Loan Versus Gift

small bridge iconParents often spend many years supporting their children even past the children’s eighteenth birthday.  Even after a child graduates college and starts off on his or her own path in the “real world,” there are times when the parents may want to give the child a little financial help.  The nature of this financial gift can come in the form of a loan or as a gift.  The difference can be very important.

loan officer giving wads of cash

The best way to make sure that the issue is clear is to write it down on paper what the financial assistance is meant to be.  If the money is meant as a loan, the parent and child should draft and sign a promissory note.  If the money is meant to be a gift, the parent may want to consider specifically stating this in a will.  The reason this becomes important comes in several forms.  For one, division of an estate between heirs can become complicated if one child received a large sum of money from the parent before the parent passed away.  If the estate is to be divided, for example, as fifty percent to each child, if the money was a loan, then that money should be deducted from the amount of assets the child should receive.  On the other hand, if the money was a gift, the child will still receive half the remaining assets of the estate.  If the amount of money that the child received before the parent’s death was large, it is obvious how this situation could result in one child receiving a disproportionate amount of a parent’s assets.  In the event the parent dies without a will, Minnesota law provides that the money transferred during the parent’s life will only be treated as a loan or advance against an heir’s share of the estate where the parent or the heir stated in writing that was the intention.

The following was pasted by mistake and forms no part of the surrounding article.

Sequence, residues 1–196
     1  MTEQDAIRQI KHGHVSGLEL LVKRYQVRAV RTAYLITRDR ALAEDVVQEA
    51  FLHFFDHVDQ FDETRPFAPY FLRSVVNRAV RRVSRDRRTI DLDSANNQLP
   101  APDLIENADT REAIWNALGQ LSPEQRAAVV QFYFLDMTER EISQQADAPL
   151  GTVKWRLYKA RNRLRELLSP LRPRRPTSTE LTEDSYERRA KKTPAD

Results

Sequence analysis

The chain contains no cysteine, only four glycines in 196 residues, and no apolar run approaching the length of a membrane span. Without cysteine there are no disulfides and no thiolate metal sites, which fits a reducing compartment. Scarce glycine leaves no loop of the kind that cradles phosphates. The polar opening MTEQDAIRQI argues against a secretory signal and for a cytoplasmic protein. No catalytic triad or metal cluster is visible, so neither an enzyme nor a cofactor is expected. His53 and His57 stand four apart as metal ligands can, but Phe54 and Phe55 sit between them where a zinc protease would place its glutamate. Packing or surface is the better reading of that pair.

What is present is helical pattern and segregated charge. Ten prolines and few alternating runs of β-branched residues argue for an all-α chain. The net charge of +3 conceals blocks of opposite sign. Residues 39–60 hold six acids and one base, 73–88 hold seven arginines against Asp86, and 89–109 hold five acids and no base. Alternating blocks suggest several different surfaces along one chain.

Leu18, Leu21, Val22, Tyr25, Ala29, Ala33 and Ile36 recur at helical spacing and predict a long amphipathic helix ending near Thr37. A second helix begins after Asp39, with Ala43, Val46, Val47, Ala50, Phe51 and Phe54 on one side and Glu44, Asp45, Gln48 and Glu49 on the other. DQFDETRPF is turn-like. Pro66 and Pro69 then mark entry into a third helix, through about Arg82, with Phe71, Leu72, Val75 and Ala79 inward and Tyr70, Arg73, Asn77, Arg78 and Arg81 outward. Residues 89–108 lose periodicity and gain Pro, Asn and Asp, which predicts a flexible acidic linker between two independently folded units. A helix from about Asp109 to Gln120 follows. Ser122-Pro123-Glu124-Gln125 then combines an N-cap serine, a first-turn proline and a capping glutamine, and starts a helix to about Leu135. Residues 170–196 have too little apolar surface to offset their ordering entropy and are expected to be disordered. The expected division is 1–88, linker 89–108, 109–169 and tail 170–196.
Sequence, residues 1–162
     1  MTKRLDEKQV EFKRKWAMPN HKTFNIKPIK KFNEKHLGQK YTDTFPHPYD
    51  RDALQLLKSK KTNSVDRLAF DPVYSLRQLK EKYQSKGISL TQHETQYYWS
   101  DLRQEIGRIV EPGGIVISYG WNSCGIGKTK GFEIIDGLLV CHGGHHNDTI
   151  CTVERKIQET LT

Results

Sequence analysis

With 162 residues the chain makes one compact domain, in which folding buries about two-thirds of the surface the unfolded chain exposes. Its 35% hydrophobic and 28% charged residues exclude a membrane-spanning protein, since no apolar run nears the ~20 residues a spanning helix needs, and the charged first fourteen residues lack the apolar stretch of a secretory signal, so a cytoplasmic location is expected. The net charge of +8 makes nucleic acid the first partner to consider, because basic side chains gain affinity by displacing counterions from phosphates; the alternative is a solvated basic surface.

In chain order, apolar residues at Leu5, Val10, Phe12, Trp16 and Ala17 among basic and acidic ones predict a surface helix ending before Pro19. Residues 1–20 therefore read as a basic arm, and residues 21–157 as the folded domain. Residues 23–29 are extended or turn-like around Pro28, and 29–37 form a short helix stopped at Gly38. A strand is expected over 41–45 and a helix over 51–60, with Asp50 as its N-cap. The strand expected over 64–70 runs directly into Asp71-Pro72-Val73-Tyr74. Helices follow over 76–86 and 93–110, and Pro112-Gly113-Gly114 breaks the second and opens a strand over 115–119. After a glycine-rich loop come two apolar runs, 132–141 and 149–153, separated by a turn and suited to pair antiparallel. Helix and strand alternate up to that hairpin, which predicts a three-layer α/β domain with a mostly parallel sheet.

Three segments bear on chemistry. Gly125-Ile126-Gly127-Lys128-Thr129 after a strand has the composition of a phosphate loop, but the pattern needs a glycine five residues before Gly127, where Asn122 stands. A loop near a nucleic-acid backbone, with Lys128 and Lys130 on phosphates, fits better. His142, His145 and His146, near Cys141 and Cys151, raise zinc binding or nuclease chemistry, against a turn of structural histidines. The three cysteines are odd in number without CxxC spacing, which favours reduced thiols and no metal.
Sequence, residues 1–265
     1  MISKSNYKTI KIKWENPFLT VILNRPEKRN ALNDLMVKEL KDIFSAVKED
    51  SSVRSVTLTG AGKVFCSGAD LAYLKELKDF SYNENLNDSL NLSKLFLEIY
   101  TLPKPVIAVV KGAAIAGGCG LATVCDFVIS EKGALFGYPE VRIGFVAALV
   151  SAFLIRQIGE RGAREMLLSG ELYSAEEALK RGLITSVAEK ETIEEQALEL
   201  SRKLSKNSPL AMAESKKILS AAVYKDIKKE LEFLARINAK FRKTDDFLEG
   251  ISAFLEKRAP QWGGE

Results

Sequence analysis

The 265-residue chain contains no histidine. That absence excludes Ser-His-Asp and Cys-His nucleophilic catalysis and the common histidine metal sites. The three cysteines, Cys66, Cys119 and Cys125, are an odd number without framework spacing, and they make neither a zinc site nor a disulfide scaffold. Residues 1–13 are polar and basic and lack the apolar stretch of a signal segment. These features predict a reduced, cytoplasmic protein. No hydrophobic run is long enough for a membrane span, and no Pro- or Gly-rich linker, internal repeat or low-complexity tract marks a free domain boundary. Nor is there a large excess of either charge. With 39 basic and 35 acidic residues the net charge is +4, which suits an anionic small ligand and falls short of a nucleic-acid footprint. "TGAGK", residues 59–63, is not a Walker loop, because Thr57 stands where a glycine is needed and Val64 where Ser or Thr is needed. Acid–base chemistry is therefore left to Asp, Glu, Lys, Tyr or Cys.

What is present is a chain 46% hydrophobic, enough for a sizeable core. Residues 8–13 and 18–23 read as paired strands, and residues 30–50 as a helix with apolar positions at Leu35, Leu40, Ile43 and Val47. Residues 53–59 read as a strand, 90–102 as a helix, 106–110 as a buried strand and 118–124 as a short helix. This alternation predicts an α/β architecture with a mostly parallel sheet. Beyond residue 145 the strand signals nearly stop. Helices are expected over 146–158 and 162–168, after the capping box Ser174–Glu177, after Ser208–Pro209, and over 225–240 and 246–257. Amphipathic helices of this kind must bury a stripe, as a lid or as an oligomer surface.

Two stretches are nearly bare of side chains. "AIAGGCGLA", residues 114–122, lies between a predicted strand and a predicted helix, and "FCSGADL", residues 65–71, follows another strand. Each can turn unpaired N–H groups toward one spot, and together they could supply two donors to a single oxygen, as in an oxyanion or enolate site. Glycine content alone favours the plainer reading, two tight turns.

Whether the financial assistance was a gift or a loan also matters for tax purposes.  There is a $14,000 annual gift tax exclusion under Federal tax laws, which means as long as the amount was a gift under that amount, the parent did not have to file extra paperwork with the IRS.  If it was above that amount, however, the parent needs to file a gift tax return.  If the amount was a loan, the parent may be required to charge interest on that loan and report that interest as income.

Call us today at 651-413-9568 for a consultation if you have a question about transferring money to family members.  We are experienced in these issues and can help you navigate the complicated laws in these areas.